The coronavirus pandemic has taken a further toll on many peoples’ already fragile mental health.
The changing nature of the deadly virus coupled with a raft of restrictions imposed by authorities to contain it has left many individuals feeling lonely, anxious, and depressed.
The World Health Organisation (WHO) has even issued guidance on how people can take care of their mental health during this difficult time.
Key advice includes trying to keep a regular pattern of eating, sleeping, hygiene and exercise.
But a less obvious recommendation is to make sure you’re still finding time to do the things you enjoy.
In fact, research shows that having a hobby is linked to lower levels of depression — and may even prevent depression for some as per The Independent.
Losing interest and joy in things you normally like doing is one symptom of deteriorating mental health.
Known as anhedonia, this is a common symptom of depression and is something patients say they would most like relief from — possibly because the drugs used to treat depression target other symptoms and don’t seem to alleviate it.
For some people, anhedonia is one of the first symptoms of depression, and can even be used to predict the severity of depression a person might experience.
So, finding time for your interests and pleasures — such as a hobby — could be one way of avoiding anhedonia and depression.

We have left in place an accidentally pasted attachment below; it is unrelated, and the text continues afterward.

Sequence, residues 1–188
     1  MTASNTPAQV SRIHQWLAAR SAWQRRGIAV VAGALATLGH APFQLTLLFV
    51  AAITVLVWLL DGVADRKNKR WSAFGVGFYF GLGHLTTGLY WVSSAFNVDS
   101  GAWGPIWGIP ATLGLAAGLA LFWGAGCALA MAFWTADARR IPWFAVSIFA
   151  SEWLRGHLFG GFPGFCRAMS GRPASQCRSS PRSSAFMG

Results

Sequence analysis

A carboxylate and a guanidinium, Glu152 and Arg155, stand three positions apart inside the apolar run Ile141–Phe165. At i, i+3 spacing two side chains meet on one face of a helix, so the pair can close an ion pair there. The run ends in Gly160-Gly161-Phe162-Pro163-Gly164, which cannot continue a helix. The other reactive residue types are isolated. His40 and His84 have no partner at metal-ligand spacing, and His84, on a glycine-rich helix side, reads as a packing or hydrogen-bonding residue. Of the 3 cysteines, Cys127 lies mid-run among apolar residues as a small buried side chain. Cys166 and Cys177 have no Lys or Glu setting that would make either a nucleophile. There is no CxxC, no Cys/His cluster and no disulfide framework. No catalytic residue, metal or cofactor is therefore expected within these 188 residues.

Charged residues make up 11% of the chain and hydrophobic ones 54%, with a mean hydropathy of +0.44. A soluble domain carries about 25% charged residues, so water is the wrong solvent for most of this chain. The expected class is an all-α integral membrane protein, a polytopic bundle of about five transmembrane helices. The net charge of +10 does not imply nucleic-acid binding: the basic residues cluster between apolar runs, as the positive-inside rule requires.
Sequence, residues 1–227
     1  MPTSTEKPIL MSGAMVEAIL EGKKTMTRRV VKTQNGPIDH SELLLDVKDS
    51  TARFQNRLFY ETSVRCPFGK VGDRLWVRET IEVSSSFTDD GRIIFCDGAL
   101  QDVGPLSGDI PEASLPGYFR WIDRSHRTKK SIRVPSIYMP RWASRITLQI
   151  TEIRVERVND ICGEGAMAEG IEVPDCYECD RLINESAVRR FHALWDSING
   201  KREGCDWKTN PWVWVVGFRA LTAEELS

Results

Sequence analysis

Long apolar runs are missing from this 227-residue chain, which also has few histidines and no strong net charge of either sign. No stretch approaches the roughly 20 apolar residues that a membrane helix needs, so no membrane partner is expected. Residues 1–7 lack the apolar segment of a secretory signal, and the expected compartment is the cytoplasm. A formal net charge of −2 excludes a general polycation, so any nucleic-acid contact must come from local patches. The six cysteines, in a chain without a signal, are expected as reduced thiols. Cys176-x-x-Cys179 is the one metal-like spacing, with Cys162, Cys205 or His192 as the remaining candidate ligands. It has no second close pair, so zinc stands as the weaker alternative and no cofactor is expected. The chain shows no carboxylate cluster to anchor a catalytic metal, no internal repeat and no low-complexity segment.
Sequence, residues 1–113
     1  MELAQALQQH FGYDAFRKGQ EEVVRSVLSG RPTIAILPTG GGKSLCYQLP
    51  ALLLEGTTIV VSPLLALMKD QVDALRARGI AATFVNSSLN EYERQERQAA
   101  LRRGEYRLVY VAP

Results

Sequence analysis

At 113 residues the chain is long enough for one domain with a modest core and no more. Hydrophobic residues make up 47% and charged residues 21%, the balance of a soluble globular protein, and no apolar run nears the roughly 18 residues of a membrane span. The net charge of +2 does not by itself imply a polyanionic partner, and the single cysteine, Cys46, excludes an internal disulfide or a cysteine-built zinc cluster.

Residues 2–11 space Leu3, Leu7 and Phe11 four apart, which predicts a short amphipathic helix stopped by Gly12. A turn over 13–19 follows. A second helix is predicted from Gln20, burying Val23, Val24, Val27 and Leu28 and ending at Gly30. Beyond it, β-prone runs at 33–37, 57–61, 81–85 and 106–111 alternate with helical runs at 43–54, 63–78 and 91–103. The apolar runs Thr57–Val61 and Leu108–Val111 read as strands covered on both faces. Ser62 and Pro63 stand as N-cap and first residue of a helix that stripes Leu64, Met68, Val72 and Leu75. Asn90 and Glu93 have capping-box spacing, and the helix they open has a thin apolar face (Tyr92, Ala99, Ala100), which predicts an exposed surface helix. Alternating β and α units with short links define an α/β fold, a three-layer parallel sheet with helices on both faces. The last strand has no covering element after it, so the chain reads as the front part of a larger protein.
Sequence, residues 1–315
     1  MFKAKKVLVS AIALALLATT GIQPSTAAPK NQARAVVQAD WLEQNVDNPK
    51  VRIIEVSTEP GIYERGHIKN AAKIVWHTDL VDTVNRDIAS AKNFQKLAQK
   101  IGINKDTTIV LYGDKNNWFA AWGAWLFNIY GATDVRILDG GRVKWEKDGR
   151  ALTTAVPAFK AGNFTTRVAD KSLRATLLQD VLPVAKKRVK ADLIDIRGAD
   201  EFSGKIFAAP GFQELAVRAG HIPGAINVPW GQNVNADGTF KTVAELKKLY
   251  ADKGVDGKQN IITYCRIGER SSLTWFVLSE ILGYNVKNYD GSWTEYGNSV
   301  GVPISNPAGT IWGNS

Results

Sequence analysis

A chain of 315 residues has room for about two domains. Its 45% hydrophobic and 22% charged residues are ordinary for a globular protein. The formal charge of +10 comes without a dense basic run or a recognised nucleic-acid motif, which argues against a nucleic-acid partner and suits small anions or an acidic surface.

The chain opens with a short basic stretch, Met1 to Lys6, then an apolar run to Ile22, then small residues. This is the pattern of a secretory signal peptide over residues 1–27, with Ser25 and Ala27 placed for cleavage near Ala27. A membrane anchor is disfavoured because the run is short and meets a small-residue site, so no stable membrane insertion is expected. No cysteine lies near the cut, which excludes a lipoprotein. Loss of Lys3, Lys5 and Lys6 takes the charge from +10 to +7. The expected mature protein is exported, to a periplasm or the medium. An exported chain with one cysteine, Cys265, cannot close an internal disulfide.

In fact social prescribing is a treatment method where doctors can ask patients with mild to moderate depression to take up a non-medical intervention (such as a hobby) to improve their mental health.
As antidepressants can be less effective in those with mild depression, this treatment strategy may still help patients with depression find relief from their symptoms.
So far, some studies have shown that social prescribing programmes that ask patients to take up hobbies such as gardening or art are beneficial for mental health and wellbeing.
Evidence also shows that even for those with clinical depression, certain psychological treatments improve symptoms of depression.
A wide range of activities and hobbies may play a role in social prescribing and behavioural activation, such as exercising, playing an instrument, drawing, reading or handicrafts.
The reason that doctors suggest one take up hobbies is because it triggers the reward system in the brain.
When we engage in a hobby that we enjoy, chemical messengers in the brain (known as neurotransmitters) are released — such as dopamine, a chemical which helps us feel pleasure.
These feel-good chemicals can then make us want to do the hobby again, and feel more motivated to do so.
So even though we may not look forward to indulging in a hobby in the beginning, once we start it and feel the associated pleasure, this will kick-start our reward system and subsequently our motivation to do it again.
Alongside pleasure and motivation, hobbies can also bring other benefits.
Physical hobbies can, for instance, improve your fitness, and others can even improve your brain function.
Research suggests that some hobbies — like playing a musical instrument — can improve your memory, while artistic hobbies (such as reading or board games puzzles) are reported to prevent dementia later in life.
So if the pandemic has you feeling low, perhaps try to find time to indulge in hobbies that you may have enjoyed in the past — or try new ones.
You can also seek help or guidance from your GP or a therapist to find the best treatment for you.